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Gaming with the big guys at Calif. video game conference

Plane tickets to San Jose, California: $300.

Admission to the 2003 Game Developers Conference: $ 2,000.

Drinks on Bill Gates: Priceless.

Think the video game industry is a “niche” industry? The members of the game development community don’t. They turned out in record numbers to attend the annual program.

This year, 10,000 developers convened at the San Jose Convention center for the Game Developers Conference (GDC), a weeklong program of intense tutorials and classes, spectacular expos and sponsored parties (aka free food and drinks).

Video games don’t make themselves. It takes thousands of dedicated men and women to drive the $10 billion interactive entertainment industry. Without the contributions of these talented programmers, artists and designers, there would be no video game industry.

Unlike most business conferences, the GDC combines elements of an arcade, a college, a traditional business conference and your favorite pub.

The textbooks (Game Design Perspectives, edited by Francois-Dominic Laramie), the tutorials (“2-Day Design Tutorial” and “All Stories Great and Small”) and the classes (“Halo: Development Evolved,” advanced documentation techniques, among others others) provided the most stimulating education. Just imagine a class where every word the professor is saying is interesting. Now imagine a room full of people who think the same way. That should give a rough approximation of the thrill students felt at the GDC.

The expo floor was a carnival of new technologies and free things. Amazing innovations such as NVidia’s new graphics engine featuring an amazingly crafted nymph, SpeedTree, an engine that renders entire beautiful forests while requiring minimal system performance and Nokia’s hybrid phone/game platform, the N-Gage, made the expo one to remember.

Another great part of the expo floor is the amazing amount of free stuff various companies gave out. These included stress balls from LucasArts, beer jackets from Midway and cool pens from everyone throughout the three-day expo. However, what made the expo a college student’s dream was the annual booth crawl, which featured free beer at strategic points around the room. That’s right, free beer.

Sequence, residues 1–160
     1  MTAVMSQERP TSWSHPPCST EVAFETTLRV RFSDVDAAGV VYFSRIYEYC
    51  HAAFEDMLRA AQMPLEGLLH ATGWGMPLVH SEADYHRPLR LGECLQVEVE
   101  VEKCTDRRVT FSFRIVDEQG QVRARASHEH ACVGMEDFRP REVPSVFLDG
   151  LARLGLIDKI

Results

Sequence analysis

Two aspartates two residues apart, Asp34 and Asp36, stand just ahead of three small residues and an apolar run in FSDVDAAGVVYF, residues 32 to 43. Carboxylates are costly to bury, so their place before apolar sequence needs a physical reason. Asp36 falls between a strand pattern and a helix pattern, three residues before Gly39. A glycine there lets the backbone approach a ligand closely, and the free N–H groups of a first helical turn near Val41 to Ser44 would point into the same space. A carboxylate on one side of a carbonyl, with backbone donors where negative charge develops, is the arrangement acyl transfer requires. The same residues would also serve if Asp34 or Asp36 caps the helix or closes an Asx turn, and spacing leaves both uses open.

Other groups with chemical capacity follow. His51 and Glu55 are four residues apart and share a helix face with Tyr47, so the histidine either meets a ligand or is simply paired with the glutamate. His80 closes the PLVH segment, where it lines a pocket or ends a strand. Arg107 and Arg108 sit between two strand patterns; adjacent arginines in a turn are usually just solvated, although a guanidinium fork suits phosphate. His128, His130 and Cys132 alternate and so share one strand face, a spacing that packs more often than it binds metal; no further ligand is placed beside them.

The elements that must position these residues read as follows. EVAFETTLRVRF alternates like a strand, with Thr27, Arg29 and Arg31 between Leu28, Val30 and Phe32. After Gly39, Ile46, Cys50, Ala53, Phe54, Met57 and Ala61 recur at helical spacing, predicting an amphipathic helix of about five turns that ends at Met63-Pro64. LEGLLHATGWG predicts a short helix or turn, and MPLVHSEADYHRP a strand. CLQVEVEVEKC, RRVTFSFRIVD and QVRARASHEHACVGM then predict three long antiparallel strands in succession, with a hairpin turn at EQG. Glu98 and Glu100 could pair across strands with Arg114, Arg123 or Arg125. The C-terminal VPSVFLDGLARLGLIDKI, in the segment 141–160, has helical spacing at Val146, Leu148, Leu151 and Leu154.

After the booth crawl, the majority of the GDC attendees filed across the street to the conference’s two award shows: the Independent Games Festival and the Game Developers’ Choice Awards. While game developers spend most of the conference trying to better themselves, their companies or their organizations via education and networking, the awards shows were all about showing support for the accomplishments of other game developers.

The Independent Games Festival is an awards show dedicated to “rewarding innovation in independent games.” Conference attendees get to play all of the finalist’s games on expo floor and winners are announced right before the Game Developer’s Choice Awards.

This year’s big winner was “Wild Earth,” which took home the awards for Innovation in Game Design, Innovation in Visual Art and The Seamus McNally Grand Price, awarded every year to the best independent game.

Based on the idea that there is no greater honor than to be recognized by one’s peers, The Game Developers’ Choice Awards notes excellence in the video game industry. Game of the Year went to Retro Studio’s “Metroid Prime.”

The First Penguin Award, which recognizes innovation in the industry, went to the founders of Activision. The Lifetime Achievement Award was presented posthumously to Gunpei Yokoi. His family accepted the award for him, as Yokoi was killed in a 1997 car crash in Japan.

GDC started in 1987 as a 25 person party in the living room of a “notable” game designer. GDC 2003 saw 10,000 attendees, 300 lectures and classes, 200 expo booths and two award shows. GDC 2004 will be bigger and better, louder and more amazing in its technological advances.


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